Dwarfism is an example of an illness resulting from inbreeding.
There are other diseases associated with inbreeding as well. Inbreeding gives you a smaller gene pool to work with, but it’s what breeders do to keep a specific set of traits inside the labrador retriever lineage.
Sometimes, these abnormalities can be detected and might lead to some impairment of the senses as well. Although not all labs show negative impacts due to inbreeding.
Below is a short excerpt from an article that talks about dwarfism in labs and how this is a result of too much inbreeding:
One heritable condition many people are not aware of in the ever-popular Labrador retriever breed is dwarfism. As can be seen above, some of the dwarfs have only slightly shortened legs, which can explain why the trait can be easily glossed over. Interestingly enough, there are at least two different forms of dwarfism in the breed: one (osteochondrodysplasia) with a more obvious bent-legged phenotype and the other (skeletal dysplasia 2 aka SD2) with more normal appearing, only subtly shortened legs…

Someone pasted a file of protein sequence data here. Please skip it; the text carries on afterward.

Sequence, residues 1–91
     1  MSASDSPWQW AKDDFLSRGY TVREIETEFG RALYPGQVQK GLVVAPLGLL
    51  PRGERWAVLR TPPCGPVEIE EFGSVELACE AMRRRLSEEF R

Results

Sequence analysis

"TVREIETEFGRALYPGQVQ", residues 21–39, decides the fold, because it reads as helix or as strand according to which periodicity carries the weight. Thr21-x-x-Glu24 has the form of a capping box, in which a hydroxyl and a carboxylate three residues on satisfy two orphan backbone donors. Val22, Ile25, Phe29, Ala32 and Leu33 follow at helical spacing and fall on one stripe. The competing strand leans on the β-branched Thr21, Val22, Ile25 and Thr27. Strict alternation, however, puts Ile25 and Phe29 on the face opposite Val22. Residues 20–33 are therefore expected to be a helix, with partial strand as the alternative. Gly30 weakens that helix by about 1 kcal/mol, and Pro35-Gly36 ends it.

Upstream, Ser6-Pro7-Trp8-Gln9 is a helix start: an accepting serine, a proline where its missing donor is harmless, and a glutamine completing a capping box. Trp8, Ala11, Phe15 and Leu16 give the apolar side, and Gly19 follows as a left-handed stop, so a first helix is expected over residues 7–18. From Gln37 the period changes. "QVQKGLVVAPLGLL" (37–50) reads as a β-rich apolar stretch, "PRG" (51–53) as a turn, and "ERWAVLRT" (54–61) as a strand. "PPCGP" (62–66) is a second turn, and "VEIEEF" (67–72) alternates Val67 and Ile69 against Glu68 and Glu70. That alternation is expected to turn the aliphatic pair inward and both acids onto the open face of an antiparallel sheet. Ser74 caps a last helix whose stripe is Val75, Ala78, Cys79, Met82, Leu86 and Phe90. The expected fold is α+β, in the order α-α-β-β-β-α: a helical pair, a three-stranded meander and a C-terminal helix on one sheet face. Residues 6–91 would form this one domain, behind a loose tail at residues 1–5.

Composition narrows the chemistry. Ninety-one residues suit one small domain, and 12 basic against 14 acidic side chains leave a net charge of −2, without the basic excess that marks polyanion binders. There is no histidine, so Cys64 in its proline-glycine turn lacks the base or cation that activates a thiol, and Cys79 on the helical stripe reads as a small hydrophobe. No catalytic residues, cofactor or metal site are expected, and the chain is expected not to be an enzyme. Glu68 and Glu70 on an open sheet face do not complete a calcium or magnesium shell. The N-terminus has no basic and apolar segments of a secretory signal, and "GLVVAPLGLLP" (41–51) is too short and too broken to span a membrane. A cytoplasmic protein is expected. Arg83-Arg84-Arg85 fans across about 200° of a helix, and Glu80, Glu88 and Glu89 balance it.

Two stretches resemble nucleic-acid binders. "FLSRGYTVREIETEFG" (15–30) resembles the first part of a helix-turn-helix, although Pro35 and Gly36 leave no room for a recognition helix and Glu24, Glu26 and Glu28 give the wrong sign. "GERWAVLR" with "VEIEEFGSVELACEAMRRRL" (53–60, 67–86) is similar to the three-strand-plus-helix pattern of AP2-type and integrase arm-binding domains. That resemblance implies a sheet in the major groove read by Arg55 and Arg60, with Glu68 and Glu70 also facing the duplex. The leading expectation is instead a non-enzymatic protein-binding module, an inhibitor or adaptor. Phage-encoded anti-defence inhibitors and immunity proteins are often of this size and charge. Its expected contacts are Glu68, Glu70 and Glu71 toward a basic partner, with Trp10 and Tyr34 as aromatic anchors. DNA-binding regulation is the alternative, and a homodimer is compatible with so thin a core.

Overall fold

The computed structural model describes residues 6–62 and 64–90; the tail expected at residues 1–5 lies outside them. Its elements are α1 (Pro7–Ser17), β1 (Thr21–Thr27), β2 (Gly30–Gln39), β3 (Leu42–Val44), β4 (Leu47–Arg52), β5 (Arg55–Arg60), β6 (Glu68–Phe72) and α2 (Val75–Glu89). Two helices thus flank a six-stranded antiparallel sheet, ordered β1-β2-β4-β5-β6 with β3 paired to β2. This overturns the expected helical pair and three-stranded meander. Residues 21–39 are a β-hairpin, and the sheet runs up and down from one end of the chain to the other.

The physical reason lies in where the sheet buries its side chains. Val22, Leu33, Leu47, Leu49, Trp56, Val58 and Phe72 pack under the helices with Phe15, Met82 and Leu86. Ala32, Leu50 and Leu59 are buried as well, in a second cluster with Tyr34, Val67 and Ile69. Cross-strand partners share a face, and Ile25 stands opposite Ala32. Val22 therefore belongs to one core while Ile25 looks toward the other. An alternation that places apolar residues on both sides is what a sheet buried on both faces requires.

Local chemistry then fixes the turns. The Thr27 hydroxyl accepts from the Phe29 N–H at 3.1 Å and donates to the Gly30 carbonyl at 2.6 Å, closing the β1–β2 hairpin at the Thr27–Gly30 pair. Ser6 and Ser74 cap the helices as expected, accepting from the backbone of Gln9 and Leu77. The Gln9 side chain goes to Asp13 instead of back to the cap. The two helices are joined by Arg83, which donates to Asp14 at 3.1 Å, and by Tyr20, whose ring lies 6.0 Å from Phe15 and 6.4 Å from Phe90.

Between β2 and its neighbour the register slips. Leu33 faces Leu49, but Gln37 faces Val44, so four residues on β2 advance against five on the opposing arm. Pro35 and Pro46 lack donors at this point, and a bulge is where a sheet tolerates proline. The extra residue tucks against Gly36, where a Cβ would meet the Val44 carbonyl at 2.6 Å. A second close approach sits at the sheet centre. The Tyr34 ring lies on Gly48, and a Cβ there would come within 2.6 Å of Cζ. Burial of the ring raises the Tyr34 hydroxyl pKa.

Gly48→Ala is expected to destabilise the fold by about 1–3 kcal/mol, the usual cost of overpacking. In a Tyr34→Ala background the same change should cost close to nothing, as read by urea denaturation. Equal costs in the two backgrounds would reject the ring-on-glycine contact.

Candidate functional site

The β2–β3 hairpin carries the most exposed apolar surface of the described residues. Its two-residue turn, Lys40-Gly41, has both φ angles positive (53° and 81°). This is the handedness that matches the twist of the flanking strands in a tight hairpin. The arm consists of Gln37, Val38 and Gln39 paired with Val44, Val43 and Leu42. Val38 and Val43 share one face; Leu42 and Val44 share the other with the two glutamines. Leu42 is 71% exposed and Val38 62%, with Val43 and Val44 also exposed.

…Inbreeding is risky business as it leads to an increase in homozygosity*. Related individuals are more likely to have identical versions of a certain gene, and if you breed them together, it’s quite likely that you will end up with offspring getting two copies of this gene, one from each parent. A lot of dog breeders think this is advantageous, allowing them to more easily select for a desirably trait. However, in all likelihood there will be bad that comes with this perceived good. There are numerous genetic diseases found in purebred dogs, and almost all of them appeared through inbreeding. This is why so many conditions can be traced to a single, common ancestor.
(* The state of possessing two identical forms of a particular gene, one inherited from each parent.)
You can read the full article here.
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